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Automation Scripting Sandbox

Date: 2020/07/26


After releasing the initial implementation for the automation service, we evaluated feedback, requested features, and lessons learned during implementation.

We're happy with the overall model of using Preconditions -> Actions -> Transitions. The flow is flexible enough to cover branching processes, and simple enough to explain.

More problematic are the complexity and UI elements required to implement non-trivial Conditions. This already comes evident for relatively simple use cases such as if measured temperature is more than 10 degrees Celsius lower than desired temperature.

Our problem is not unique. The automation service is a simple example of no-code software development. No-code platforms by their nature sacrifice power for ease of use. A GUI is always less expressive than a CLI, but has much better discoverability.

The automation service is a useful extension of core functionality, but is not our most important software. Implemented features have to be cost-effective in terms of required effort to implement and maintain.

Going all-in on a 100% GUI-based solution does not seem to be worth it. Some intermediate solution that can be improved incrementally has to be found.

Expressing complexity

Code is the best way to give a computer detailed instructions. What requires a dozen elements in a GUI can be expressed in a single line of code.

The user-defined complexity in automation processes is highly localized in Conditions and Actions. A promising approach with a lot of precedent is to embed sandboxed user scripts.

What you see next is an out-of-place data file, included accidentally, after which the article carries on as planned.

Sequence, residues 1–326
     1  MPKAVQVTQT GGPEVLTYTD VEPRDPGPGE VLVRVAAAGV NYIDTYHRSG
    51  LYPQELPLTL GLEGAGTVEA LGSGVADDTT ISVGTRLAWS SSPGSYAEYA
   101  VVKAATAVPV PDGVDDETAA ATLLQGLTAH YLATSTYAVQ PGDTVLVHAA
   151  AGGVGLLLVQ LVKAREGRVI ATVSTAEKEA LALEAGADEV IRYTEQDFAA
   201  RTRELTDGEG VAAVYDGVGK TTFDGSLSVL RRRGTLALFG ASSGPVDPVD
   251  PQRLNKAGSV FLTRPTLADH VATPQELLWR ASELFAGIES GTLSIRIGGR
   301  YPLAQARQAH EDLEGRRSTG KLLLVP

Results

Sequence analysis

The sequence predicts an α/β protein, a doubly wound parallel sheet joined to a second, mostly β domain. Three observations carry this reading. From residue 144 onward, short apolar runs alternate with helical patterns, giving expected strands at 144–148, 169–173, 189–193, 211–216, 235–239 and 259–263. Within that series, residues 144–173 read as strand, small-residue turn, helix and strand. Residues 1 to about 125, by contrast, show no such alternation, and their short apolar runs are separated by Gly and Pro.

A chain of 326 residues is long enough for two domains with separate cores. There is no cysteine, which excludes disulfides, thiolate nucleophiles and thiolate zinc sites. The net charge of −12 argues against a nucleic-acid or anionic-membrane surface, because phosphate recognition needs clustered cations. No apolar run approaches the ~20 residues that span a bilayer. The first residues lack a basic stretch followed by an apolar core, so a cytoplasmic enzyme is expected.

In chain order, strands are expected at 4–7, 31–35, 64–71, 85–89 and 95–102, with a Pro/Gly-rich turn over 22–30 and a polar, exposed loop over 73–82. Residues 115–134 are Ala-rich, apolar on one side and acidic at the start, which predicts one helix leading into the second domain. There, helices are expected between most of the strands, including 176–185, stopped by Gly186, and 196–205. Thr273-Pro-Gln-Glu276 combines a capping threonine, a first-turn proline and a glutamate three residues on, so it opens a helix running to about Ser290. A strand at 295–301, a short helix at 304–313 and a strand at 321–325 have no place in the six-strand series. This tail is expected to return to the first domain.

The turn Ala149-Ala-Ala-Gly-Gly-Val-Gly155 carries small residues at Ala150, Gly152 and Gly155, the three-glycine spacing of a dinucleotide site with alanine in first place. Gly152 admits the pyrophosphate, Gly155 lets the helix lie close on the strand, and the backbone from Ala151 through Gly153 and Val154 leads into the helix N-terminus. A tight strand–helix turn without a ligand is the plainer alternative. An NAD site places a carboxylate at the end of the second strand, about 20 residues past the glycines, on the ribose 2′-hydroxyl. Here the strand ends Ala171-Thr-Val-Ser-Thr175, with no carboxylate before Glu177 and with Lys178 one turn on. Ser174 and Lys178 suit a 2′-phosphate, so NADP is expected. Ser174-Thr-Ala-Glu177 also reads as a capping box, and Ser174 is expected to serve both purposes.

This would reduce the before-mentioned expression to:

txt < + 10

Sandboxed Conditions and Actions can co-exist with their UI-based peers. Giving all UI Conditions/Actions a sandbox counterpart is simple, and we can gradually add more UI versions of common and popular use cases.


With Brewblox, we have some experience with how to reduce complexity without sacrificing configurability. One useful approach is to use a wizard that asks some questions, and then generates code.

Users can easily see what's possible, get an example of working syntax, and are then free to modify and combine as they see fit.


For a sandbox, the use of an interpreted scripting language is all but a given. Scripting languages tend to be easier to get started with, and don't require a separate compilation step.

The top three choices are:

  • Python
    • Popular
    • Easy and intuitive syntax
    • Requires a large runtime
    • Slow to initialize
  • JavaScript
    • Popular
    • Same runtime as the automation service itself
    • Has some questionable core language behavior (==, 10 + 'string' vs 'string' + 10)
  • Lua
    • Extremely light-weight
    • Designed to be an embeddable scripting language
    • Relatively unknown
    • Scales badly

Of these three, Python is the least attractive due to its large runtime and slow startup. While Lua is attractive, JavaScript has a much larger developer community and set of available libraries.

Decision: JavaScript.


  • Implement a sandboxed JS runtime in the Automation service.
  • Add Sandboxed options for both Conditions and Actions.
  • In the UI, implement wizards to generate (example) scripts to get users started.